Many parents today face the extreme costs of childcare during the early years and soaring college costs on the backend. If you’re wondering why young adults don’t seem to be in a big hurry to have kids, here’s a hint: Maybe it has something to do with money.

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K LM
K LM
1 month ago

I left my job to stay home with my kids when my husband was transferred to a new city. I also lived in Mass. The amount left from my paycheck, the long commute, the long hours, the stress from being gone from the house (cooking/cleaning, etc), and rushing to/from daycare became too much. I stayed home with the kids for ten years. I went back when they were in middle/high school and it was tough making a re-entry into the working world. Housing was expensive at that time, but comparatively not what it is right now. You and your wife are in a tough situation with no easy answers. I wish you and your family the best and hope things are able to work out for you.

mytimetotravel
mytimetotravel
1 month ago

I am currently reading “Secrets of the Sprakkar” by Eliza Reid, Iceland’s First Lady. She is a Canadian immigrant who had four children, spaced two years apart, after moving to Iceland. She writes: “It would barely have been feasible, and not even desirable, were it not for the generous parental leave benefits to which Gudni and I were both entitled, even as freelancers, and for heavily subsidized child care from the time the parental leave expired.” And: “Had I stayed in Canada, I doubt I would have been so prolific in offspring. But in Iceland, somehow, it just seemed so easy to have a child – and then another, and another, and another.”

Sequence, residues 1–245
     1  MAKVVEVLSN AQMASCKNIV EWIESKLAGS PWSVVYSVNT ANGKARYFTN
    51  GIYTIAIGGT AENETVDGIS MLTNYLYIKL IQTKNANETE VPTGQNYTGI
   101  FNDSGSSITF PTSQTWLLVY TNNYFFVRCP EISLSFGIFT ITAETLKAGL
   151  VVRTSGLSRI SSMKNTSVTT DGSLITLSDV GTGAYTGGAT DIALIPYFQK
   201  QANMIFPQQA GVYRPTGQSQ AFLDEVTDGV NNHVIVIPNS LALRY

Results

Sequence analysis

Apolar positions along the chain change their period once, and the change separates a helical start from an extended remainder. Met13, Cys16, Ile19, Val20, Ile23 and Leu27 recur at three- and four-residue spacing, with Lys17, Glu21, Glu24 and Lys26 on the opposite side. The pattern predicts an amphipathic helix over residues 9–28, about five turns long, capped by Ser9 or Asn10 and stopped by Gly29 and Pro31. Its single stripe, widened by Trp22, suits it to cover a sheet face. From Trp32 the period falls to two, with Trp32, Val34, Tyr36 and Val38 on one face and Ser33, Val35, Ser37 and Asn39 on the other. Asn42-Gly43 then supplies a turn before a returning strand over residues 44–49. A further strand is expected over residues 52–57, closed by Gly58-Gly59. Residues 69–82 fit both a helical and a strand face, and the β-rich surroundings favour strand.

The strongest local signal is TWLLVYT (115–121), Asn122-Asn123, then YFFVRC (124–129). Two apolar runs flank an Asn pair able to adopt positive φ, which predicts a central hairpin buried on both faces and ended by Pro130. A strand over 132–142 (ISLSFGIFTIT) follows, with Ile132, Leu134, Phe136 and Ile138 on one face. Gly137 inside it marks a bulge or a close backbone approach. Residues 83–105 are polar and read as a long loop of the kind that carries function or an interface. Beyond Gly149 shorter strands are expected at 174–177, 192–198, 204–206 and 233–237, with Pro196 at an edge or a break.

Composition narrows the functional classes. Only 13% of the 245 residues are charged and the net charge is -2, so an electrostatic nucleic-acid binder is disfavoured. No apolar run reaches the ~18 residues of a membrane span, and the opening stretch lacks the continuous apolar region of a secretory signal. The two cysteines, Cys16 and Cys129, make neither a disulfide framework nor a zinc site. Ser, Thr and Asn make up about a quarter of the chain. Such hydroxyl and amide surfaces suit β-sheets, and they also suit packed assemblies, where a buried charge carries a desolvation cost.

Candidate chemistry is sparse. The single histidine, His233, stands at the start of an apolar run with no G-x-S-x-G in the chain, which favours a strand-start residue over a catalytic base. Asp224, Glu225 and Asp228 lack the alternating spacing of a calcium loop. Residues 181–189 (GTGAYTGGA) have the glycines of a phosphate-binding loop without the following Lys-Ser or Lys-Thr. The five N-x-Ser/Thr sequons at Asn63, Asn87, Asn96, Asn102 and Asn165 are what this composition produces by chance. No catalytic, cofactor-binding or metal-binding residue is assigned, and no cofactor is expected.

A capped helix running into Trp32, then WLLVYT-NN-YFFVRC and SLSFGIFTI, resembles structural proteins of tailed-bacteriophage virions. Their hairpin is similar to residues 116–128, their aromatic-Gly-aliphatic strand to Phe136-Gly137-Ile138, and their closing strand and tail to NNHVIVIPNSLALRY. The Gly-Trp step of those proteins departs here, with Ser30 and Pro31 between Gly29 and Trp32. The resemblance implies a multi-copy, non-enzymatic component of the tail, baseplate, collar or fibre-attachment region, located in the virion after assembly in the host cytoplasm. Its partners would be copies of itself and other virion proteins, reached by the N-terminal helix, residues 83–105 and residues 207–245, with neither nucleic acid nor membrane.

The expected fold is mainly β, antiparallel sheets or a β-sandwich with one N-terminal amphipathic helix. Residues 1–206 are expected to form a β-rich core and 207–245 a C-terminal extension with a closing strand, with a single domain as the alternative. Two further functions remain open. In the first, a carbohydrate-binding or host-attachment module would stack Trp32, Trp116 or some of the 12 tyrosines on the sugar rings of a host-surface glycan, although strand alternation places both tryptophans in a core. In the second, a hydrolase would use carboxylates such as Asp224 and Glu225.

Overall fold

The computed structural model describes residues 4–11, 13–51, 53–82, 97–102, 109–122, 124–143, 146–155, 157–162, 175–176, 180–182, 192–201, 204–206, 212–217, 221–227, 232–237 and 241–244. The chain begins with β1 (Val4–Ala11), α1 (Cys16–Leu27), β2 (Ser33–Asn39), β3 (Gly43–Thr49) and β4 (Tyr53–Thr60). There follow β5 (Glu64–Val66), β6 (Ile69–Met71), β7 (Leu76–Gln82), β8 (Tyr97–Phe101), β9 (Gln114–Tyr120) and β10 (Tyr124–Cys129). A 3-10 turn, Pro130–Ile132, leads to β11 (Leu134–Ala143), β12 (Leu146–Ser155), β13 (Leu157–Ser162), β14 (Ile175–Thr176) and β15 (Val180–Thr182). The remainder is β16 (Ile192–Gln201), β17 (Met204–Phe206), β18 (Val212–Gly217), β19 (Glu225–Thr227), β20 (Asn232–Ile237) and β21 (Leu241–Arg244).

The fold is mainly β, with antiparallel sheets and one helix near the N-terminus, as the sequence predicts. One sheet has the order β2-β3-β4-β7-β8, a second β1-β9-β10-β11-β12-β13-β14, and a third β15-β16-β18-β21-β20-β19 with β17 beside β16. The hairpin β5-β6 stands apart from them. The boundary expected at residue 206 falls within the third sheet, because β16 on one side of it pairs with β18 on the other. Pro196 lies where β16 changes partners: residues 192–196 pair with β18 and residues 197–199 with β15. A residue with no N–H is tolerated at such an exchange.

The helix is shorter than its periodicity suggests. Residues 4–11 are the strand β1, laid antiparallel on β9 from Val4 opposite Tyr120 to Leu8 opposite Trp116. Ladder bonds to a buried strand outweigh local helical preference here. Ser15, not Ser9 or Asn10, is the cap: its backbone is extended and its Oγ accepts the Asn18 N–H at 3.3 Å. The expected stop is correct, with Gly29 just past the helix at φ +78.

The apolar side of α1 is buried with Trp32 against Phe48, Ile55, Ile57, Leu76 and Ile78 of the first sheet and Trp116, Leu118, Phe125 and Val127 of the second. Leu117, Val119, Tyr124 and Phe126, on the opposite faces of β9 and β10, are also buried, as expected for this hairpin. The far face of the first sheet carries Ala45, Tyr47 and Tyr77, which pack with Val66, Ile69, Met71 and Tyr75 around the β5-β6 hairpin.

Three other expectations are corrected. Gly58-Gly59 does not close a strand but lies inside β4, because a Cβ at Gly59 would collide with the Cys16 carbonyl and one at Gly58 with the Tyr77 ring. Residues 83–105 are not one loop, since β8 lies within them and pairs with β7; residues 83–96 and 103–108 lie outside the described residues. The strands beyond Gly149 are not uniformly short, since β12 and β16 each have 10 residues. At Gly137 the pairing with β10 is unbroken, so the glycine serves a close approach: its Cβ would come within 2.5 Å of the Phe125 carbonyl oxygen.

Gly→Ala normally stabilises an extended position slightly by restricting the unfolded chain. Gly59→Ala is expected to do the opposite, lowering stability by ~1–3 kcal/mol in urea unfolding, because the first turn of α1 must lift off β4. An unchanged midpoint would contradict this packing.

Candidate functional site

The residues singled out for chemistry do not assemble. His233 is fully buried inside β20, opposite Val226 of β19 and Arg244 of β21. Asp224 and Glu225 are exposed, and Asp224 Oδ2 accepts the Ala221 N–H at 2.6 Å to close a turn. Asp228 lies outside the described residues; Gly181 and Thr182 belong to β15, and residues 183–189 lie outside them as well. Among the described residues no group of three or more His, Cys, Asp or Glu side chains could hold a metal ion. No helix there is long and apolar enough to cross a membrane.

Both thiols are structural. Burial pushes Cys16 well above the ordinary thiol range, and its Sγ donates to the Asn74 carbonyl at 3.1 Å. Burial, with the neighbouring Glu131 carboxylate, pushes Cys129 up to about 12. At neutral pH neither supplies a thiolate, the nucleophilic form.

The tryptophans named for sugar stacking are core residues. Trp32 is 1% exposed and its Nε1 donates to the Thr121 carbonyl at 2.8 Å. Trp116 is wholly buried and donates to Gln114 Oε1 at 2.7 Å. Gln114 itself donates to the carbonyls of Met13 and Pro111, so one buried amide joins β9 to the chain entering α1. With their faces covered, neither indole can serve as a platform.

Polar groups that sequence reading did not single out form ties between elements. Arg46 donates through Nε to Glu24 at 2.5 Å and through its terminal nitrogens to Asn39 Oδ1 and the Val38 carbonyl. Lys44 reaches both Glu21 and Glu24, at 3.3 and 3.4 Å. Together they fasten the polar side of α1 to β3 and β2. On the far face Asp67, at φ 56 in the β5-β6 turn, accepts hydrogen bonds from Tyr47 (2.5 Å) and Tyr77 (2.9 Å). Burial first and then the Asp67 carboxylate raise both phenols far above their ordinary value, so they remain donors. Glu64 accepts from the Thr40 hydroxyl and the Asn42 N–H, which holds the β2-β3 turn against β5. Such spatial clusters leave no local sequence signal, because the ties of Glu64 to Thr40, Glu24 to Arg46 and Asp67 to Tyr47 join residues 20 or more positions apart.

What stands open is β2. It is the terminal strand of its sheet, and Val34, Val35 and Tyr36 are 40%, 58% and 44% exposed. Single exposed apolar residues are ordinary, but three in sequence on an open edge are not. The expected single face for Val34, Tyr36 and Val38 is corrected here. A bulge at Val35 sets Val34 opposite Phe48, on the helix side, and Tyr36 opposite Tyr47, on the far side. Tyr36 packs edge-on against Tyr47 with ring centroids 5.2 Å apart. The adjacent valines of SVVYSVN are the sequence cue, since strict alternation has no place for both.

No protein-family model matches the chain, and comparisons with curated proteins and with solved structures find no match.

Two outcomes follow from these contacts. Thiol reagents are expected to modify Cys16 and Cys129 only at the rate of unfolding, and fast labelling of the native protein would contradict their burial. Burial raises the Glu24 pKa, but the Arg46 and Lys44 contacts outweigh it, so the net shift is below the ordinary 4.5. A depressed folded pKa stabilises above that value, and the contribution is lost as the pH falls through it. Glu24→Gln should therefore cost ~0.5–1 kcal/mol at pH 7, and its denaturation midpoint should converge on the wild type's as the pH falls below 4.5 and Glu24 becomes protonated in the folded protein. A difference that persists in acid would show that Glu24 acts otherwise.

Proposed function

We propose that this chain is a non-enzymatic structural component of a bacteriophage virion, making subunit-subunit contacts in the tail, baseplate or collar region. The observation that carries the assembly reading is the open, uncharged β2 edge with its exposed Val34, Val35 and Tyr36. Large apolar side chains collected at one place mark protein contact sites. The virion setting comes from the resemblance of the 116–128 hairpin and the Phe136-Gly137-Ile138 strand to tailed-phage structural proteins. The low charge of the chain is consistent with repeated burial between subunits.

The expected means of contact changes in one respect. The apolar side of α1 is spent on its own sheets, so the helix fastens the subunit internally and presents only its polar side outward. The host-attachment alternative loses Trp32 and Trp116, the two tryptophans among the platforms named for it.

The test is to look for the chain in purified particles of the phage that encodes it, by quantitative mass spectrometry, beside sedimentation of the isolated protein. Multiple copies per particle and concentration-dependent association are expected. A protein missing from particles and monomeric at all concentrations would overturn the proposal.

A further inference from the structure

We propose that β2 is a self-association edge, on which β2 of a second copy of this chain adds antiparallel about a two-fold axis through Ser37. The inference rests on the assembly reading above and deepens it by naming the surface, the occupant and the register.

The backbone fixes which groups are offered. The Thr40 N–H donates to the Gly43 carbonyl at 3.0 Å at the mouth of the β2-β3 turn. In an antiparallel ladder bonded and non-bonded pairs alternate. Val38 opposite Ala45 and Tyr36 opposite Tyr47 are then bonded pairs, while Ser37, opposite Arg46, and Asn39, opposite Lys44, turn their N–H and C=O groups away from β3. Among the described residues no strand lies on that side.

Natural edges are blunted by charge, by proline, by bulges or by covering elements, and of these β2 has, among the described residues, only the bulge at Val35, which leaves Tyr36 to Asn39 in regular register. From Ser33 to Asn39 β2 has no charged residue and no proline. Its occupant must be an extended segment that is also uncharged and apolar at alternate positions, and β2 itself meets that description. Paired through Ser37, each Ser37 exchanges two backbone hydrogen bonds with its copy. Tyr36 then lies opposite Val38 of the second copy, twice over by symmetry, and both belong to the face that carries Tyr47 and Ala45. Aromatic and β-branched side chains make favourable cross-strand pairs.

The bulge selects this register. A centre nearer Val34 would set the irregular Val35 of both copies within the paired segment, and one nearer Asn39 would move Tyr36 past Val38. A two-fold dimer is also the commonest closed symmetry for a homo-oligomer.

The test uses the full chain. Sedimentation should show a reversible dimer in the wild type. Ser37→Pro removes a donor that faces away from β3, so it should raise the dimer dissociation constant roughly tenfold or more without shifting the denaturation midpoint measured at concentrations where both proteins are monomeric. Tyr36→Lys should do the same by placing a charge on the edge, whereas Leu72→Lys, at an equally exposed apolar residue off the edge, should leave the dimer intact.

Those concerned that US women are having fewer children (although personally I think the world is over-populated) should consider that concrete assistance will work a whole lot better than empty exhortations.

Sharon Edwards
Sharon Edwards
1 month ago

US ideology assumes that child care is a private family matter — and thus privately funded. We live in a country who’s economy is based on two incomes and one stay-at-home parent. Let’s not even consider how the pandemic impacted childcare/education. The US spends less on families and children than other advanced countries, ranking 30th out of 33. One in six children live in poverty.